They sit side by side on the train. To anyone else, they may as well be strangers. He feels her warmth pressing against him and is comforted. He scratches his beard, a sign of nervousness. They should talk, really, but what is left to say? All the accusations, hatred, pain has been vocalised already. Now, only the vacuum of silence remains.
As the train clatters over a bridge, he remembers a time when they had stood on a bridge in Amsterdam. It’s only a picture of her in his brain. She was wearing cargo pants and had a rucksack on her back. She was watching a boat with tourists chug along under her. She laughed. And he remembers how her skin glowed golden in the setting sun. He remembers her in snapshots. In sketches he has made of her. He has thousands of them, doodles, paintings of her form, her shape, her moods. Looking down at the notebook he’s carrying now, she’s there too. An old doodle of her, belly swollen. There’s a series of them, in various degrees of swell. He winces. How could he have picked this sketchbook to accompany him on this journey? Was it deliberate? He quickly turns the page.
He wants to hold her hand, feel the length of each finger and press her nails against his skin. But she doesn’t exist for him anymore. She may be there physically, but she was gone that day. He felt her slip out of his reach, like sand, and disappear. He let her go, he wishes he hadn’t. He should have fought harder. But he’s a mild person. He paints and writes. Sketching is a compulsion, an obsession. His fingers are never still. Look, he’s made an image on the table, with the coffee he accidentally sloshed over when he sat down. It’s a bird taking flight. He shakes his head in exasperation and smiles. He cannot help it.
He rewinds his images to that sunny day in Paris, when she sat in front of the Kiss, meditated before it. That’s us, she finally said. It’s meant to be us. And she kissed him. An Italian tourist was standing next to them. He clapped his hands and shouted bellisimi. They laughed and the image of her teeth, white and sparkling and fresh got ingrained in his mind.
Outside the world is bleak. Drops of rain blur out the scenery. A Payne’s grey sky. A weak wash of burnt umber and Hooker’s green complete the hurried landscape. He looks down at the coffee bird and wipes it off. It should not be captive in this stuffy train, breathless in this vacuum of silence.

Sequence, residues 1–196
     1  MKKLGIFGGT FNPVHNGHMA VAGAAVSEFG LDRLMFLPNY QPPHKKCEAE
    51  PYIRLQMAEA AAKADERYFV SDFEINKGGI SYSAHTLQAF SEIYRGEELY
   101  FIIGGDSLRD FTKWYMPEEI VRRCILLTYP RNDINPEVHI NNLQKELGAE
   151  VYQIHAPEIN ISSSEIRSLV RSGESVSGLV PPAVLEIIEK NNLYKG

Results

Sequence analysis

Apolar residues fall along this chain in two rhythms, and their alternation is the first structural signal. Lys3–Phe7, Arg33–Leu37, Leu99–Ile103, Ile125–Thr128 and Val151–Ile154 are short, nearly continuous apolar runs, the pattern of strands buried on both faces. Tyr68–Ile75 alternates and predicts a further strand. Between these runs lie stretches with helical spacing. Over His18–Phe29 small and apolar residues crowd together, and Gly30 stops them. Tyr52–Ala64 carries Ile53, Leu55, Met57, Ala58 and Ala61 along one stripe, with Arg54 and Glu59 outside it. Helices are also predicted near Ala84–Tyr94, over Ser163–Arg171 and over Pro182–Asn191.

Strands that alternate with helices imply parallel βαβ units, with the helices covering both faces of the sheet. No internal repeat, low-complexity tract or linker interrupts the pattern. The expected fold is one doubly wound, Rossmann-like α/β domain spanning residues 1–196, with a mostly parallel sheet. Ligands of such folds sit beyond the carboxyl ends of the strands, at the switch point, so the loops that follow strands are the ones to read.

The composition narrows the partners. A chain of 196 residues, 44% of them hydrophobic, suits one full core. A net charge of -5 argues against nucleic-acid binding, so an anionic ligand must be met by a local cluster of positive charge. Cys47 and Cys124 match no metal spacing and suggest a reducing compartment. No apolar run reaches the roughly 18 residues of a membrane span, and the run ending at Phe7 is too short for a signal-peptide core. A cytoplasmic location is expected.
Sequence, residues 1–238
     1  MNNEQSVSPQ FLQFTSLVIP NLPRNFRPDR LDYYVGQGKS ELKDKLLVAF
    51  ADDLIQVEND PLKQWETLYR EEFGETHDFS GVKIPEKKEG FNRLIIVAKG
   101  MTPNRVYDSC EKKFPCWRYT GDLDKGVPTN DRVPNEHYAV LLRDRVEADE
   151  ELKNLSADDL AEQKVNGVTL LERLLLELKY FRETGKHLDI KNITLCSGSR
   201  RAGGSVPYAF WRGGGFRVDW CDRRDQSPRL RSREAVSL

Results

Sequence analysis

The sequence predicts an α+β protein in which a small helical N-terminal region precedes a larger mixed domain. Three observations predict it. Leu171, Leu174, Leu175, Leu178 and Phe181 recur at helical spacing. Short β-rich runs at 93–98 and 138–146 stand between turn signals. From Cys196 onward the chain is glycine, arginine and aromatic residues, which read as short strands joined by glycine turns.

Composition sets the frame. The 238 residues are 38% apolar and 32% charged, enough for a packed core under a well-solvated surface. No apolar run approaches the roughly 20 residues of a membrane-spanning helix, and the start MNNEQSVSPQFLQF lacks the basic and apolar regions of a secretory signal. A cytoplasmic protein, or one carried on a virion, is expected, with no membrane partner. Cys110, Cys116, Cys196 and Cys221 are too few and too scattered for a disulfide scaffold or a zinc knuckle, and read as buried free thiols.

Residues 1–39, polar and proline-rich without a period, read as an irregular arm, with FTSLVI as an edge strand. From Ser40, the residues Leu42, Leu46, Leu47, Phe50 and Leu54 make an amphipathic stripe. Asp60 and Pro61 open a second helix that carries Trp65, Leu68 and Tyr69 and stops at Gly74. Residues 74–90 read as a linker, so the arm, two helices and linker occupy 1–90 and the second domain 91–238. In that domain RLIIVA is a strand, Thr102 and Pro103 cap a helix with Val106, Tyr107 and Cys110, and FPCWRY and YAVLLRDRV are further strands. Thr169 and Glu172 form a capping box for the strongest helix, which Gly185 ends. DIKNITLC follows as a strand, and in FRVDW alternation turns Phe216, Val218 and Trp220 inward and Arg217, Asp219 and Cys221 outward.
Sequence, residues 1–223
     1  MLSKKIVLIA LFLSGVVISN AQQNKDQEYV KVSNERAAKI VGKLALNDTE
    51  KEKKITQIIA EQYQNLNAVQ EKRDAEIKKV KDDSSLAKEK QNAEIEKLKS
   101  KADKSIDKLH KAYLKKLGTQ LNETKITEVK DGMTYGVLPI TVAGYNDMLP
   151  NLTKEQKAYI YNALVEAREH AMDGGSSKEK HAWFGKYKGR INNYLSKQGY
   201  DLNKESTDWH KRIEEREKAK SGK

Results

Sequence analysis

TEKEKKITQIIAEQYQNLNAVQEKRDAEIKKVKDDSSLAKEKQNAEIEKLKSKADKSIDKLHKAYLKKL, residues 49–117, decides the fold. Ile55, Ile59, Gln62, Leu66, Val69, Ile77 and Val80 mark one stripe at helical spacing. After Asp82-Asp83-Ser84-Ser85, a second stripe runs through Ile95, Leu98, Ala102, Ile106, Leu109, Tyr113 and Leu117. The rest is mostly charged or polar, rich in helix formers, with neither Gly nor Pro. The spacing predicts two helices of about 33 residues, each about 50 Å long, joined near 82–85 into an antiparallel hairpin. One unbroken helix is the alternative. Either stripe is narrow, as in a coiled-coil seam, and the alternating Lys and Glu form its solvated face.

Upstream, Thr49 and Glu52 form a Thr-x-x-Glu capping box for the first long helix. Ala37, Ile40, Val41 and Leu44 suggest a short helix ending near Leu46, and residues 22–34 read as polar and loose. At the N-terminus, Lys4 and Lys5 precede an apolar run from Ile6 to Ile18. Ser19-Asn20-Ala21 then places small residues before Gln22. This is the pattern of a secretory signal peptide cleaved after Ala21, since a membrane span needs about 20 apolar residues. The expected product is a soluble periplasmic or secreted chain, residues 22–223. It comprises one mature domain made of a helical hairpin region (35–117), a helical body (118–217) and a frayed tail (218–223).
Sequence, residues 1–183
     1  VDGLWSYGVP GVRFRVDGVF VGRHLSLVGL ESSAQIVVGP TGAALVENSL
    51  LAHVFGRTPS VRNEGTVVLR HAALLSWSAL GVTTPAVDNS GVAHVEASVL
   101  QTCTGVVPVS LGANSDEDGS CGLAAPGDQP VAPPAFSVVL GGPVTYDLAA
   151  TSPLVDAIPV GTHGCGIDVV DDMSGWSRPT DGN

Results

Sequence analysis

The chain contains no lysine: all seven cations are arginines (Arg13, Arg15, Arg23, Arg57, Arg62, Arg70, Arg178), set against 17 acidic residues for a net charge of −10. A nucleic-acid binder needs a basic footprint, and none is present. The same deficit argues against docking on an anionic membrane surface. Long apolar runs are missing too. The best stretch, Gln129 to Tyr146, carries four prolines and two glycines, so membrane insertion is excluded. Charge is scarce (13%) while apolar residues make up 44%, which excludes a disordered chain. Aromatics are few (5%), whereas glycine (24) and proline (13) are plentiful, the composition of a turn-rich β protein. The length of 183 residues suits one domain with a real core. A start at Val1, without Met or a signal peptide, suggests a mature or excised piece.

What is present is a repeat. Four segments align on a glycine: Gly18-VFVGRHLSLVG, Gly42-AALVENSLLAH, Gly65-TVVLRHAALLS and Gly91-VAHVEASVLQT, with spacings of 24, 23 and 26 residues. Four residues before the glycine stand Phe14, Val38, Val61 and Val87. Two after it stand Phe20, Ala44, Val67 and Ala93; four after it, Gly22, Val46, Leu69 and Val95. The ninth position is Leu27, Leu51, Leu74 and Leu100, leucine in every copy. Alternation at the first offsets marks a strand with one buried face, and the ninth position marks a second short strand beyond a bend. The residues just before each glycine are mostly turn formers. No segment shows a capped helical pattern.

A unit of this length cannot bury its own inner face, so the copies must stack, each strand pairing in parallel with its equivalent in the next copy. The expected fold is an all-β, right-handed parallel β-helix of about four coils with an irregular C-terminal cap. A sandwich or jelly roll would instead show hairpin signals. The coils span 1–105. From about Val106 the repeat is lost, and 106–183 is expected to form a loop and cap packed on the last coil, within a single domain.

She is aware of his presence. She can read through his beard scratching, finger doodling discomfort. She chooses to blot it out, look upon him as a stranger irritating her on the train. Her thoughts do not linger on him for too long. There was a time when all she was consumed by him. He is not worth that luxury anymore.
She stares out of the window, comforted by the blandness of the view. It gives her a chance to think. But all she thinks about is that day. Again and again, it plays in a loop, till she is so exhausted it doesn’t register anymore. The fluorescent lights that blinded her that night. The pain that stretched her body so far that she felt herself tear apart. She knew that she was in this alone. Alone. He was away, unreachable.
She remembered each agonising push. Because she knew at the end there’d be no reward. She was expelling waste. And she pushed and pushed till her heart ripped. She was allowed to hold her baby. A beautiful little girl. Soft downy skin. Eyes screwed shut. So tiny. So fragile. She swore she felt a breath. But the cheek was cold. They took her baby away from her aching arms. And then she was alone. Alone in a ward with mewling babies around her. Fussing mothers. And she was supposed to heal?
She thinks of a newspaper article she had read somewhere. It was about a certain breed of mountain sheep in Afghanistan, Uzbekistan? She doesn’t remember where. But when these sheep are pregnant, their unborn babies are ripped out of the womb and killed. The soft soft skin of these premature lambs are worth millions. It’s a huge trade and fashion houses hunger for them. Persian Lambs, they are called.
She thinks of her baby. If only she could preserve her. Make an undergarment of her soft skin and wear it close to her breast. Always hugging it to her skin. Does she make sense? She only wants the reassuring touch of her baby’s skin, preserved. With her, forever. Maybe she is mad.
She cannot share these thoughts with him. She cannot bear to look into his doe eyes and feel his pain. He wasn’t there, so why is he trying to share her pain? Trying to take away from her what is wholly hers to experience.
Outside the world is bleak. Drops of rain blur out the scenery. She huddles in her corner, her breath condensing on the glass. From the corner of her eye she watches. He wipes the spilt coffee off the table with his hand. His once comforting familiar hands. She sighs and turns away and watches a drop of water trickle down the length of the windowpane.
[First published by The View From Here, 2012]
Susmita Bhattacharya was born in Mumbai. She teaches creative writing at Winchester University and is the lead facilitator of the Mayflower Young Writers project in Southampton. Her debut novel, The Normal State of Mind (Parthian), was published in 2015. Her short story collection, Table Manners, was published by Dahlia Publishing in September 2018. @Susmitatweets | susmita-bhattacharya.blogspot.co.uk.